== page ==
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United States Department of Agriculture

Agricultural Research Service

What you eat can affect your health
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By Hank Lukaski

Comparing the roles of food and medicine in achieving and maintaining health is easy. Food provides nutrients that help maintain health and prevent disease. In contrast, medicine acts to relieve the symptoms of illness and to help sick people regain health.

Thus, food provides nutrients that are the building blocks for health and medicine as a repair that helps to overcome the cause of the illness.

Eating a meal causes the release of many hormones, such as insulin, and other chemicals that influence how cells communicate to produce proteins that impact energy storage and use.

Understanding the complex pathways associated with hormones is a multibillion dollar effort by drug companies. Emerging evidence, however, shows that some of these pathways - particularly those involved in regulating insulin levels after eating - normally are regulated by certain foods, namely carbohydrates.

Insulin regulates the uptake, storage and use of many nutrients, including sugar or glucose and fat after a meal. The composition of a meal, particularly the type of carbohydrate, affects glucose levels in the blood, which influences insulin concentration.

Complex carbohydrates, such as whole grains, delay the increase in blood sugar, but simple carbohydrates, such as table sugar or soda, causes a rapid spike in blood glucose.

Diets may be classified based on their effects on insulin response after eating a meal. High-insulin-response diets elevate insulin levels for prolonged periods of time (four to six hours) after eating. In contrast, low-insulin response meals yield a much lower insulin level that is maintained for long periods of time. High insulin levels are thought to promote obesity by increasing fat storage and decreasing fat use to meet energy needs.

Perhaps not surprisingly, fat tissue below the skin in the abdomen produces unique chemical signals that decrease the effectiveness of insulin in regulating sugar and fat use. Thus, fat or adipose tissue is a target to evaluate the effects of diet on development of obesity and type 2 diabetes.

Insightful study

A recent study provides valuable insight as to how fat cells respond to these types of diets. Overweight and obese women and men with various clinical signs characteristic of pre-diabetes (elevated fasting insulin levels, increased waist circumferences, high blood pressure and increases in certain types of lipids in the blood) consumed diets with either a high- or low-insulin response for three months. Low-insulin response would be from eating bread and pasta made from unprocessed cereal, grains and pasta, and high-insulin response would be from eating bread made from processed oat-wheat-potato flour, bread and potatoes.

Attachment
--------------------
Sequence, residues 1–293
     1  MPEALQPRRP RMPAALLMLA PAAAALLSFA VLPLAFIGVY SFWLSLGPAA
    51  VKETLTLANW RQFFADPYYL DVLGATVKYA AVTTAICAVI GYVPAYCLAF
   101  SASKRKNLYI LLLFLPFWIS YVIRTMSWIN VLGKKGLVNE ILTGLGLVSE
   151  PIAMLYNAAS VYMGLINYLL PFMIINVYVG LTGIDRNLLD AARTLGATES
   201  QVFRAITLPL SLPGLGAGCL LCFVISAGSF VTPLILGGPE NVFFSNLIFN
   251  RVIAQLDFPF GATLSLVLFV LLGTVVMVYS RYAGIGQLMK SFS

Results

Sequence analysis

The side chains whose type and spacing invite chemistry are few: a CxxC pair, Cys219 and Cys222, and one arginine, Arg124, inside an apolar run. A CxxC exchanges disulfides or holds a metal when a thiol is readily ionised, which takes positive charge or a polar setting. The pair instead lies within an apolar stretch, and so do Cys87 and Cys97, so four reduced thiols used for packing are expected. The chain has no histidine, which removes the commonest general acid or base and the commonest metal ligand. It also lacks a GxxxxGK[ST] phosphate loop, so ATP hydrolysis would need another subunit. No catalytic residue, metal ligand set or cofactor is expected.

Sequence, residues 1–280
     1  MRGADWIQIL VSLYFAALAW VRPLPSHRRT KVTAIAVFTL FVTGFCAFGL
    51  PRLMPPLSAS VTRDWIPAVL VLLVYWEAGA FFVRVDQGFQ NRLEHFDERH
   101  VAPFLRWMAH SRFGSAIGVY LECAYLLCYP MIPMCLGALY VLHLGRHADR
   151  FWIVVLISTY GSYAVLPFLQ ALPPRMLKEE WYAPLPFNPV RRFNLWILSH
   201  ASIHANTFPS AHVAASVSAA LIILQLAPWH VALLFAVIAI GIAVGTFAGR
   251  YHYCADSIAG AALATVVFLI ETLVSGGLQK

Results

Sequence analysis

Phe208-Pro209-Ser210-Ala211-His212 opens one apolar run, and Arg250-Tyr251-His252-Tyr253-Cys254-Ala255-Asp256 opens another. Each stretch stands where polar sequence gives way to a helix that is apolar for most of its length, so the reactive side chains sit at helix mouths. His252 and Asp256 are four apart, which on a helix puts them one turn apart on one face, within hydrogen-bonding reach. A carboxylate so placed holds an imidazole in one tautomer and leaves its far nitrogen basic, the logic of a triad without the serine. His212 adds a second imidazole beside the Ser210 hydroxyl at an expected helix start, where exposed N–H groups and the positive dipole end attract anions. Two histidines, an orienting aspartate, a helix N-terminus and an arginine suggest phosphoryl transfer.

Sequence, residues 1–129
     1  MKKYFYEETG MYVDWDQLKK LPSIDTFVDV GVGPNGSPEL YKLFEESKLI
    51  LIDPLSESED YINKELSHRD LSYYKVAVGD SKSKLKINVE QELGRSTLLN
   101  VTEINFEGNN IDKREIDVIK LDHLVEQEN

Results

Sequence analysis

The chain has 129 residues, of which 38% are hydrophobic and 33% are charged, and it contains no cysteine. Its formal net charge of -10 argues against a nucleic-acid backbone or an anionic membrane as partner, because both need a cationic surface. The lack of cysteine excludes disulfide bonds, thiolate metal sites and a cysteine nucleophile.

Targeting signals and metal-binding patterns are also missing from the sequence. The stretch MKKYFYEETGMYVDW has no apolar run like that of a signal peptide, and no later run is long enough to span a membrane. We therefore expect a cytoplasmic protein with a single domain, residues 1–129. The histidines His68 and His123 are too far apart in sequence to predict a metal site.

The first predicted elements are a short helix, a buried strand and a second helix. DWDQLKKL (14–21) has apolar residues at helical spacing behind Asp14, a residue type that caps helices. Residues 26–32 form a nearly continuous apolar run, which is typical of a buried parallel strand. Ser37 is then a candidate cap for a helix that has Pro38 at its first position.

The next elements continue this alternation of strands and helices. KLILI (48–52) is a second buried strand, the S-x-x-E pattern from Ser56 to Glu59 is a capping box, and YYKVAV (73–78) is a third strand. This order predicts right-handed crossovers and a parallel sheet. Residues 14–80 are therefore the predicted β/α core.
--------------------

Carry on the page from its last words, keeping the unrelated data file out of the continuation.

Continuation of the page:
The diets had the same amounts of fiber, fat, carbohydrate and protein. As expected, consumption of the low- compared with the high-insulin response diet resulted in important reductions in fasting insulin and glucose after a standardized, high-glucose test meal. This effect, however, occurred without a decrease in body weight, which is the expected change associated with decreases in blood insulin and glucose.

Analysis of small pieces of fat obtained from under the skin at the front of the abdomen revealed some very important changes within these cells. The size of the fat cells decreased with the low- but not the high-insulin response diet. In the fat cells, certain genes that manage the production of proteins that control specific functions were impacted. The low-insulin response diet turned off many genes, specifically those that regulate how insulin affects carbohydrate and fat storage, and regular replacement of cells.

Two other findings are critical. The low-insulin response diet decreased the activity of an enzyme, hormone-sensitive lipase, which controls release of fats stored in fat cells. People with reduced activity of this enzyme have lower levels of glucose, insulin and fats in the blood. Thus, it is thought that the decreased activity of this enzyme probably accounts for some of the benefits of diets designed to lower insulin secretion.

The low-insulin response diet also reduced the presence of another gene, one which is known to be a strong predictor of development of type 2 diabetes. In contrast, the high-insulin response diet increased the activity of other genes related to stress and inflammation - processes related to adverse effects of obesity, including type 2 diabetes and cardiovascular disease.

The general application of these findings for each of us is simple. We should eat more fruits, vegetables and legumes (dry peas, beans and peanuts), choose whole-grains or products that are minimally processed, such as pasta and old-fashioned oatmeal and cereals, and limit intake of products high in concentrated sugar. These recommendations have the benefit of replacing high calories with high nutrient (vitamin, mineral and fiber) content foods.


Last Modified: 9/5/2007